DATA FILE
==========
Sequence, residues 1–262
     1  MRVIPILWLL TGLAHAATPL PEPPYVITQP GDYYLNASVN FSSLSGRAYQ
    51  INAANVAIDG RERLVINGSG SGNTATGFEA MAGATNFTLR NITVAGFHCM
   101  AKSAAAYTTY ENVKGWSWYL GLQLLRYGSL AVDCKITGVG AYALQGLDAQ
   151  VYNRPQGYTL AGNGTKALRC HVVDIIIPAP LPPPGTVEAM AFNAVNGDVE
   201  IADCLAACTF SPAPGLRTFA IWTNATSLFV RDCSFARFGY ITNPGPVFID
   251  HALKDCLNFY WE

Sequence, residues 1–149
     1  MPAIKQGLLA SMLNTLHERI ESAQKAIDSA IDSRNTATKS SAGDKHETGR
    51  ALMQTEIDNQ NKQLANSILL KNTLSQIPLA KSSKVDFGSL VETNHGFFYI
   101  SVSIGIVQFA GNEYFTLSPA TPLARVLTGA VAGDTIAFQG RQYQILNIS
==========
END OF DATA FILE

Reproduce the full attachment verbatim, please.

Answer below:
Sequence, residues 1–262
     1  MRVIPILWLL TGLAHAATPL PEPPYVITQP GDYYLNASVN FSSLSGRAYQ
    51  INAANVAIDG RERLVINGSG SGNTATGFEA MAGATNFTLR NITVAGFHCM
   101  AKSAAAYTTY ENVKGWSWYL GLQLLRYGSL AVDCKITGVG AYALQGLDAQ
   151  VYNRPQGYTL AGNGTKALRC HVVDIIIPAP LPPPGTVEAM AFNAVNGDVE
   201  IADCLAACTF SPAPGLRTFA IWTNATSLFV RDCSFARFGY ITNPGPVFID
   251  HALKDCLNFY WE

Sequence, residues 1–149
     1  MPAIKQGLLA SMLNTLHERI ESAQKAIDSA IDSRNTATKS SAGDKHETGR
    51  ALMQTEIDNQ NKQLANSILL KNTLSQIPLA KSSKVDFGSL VETNHGFFYI
   101  SVSIGIVQFA GNEYFTLSPA TPLARVLTGA VAGDTIAFQG RQYQILNIS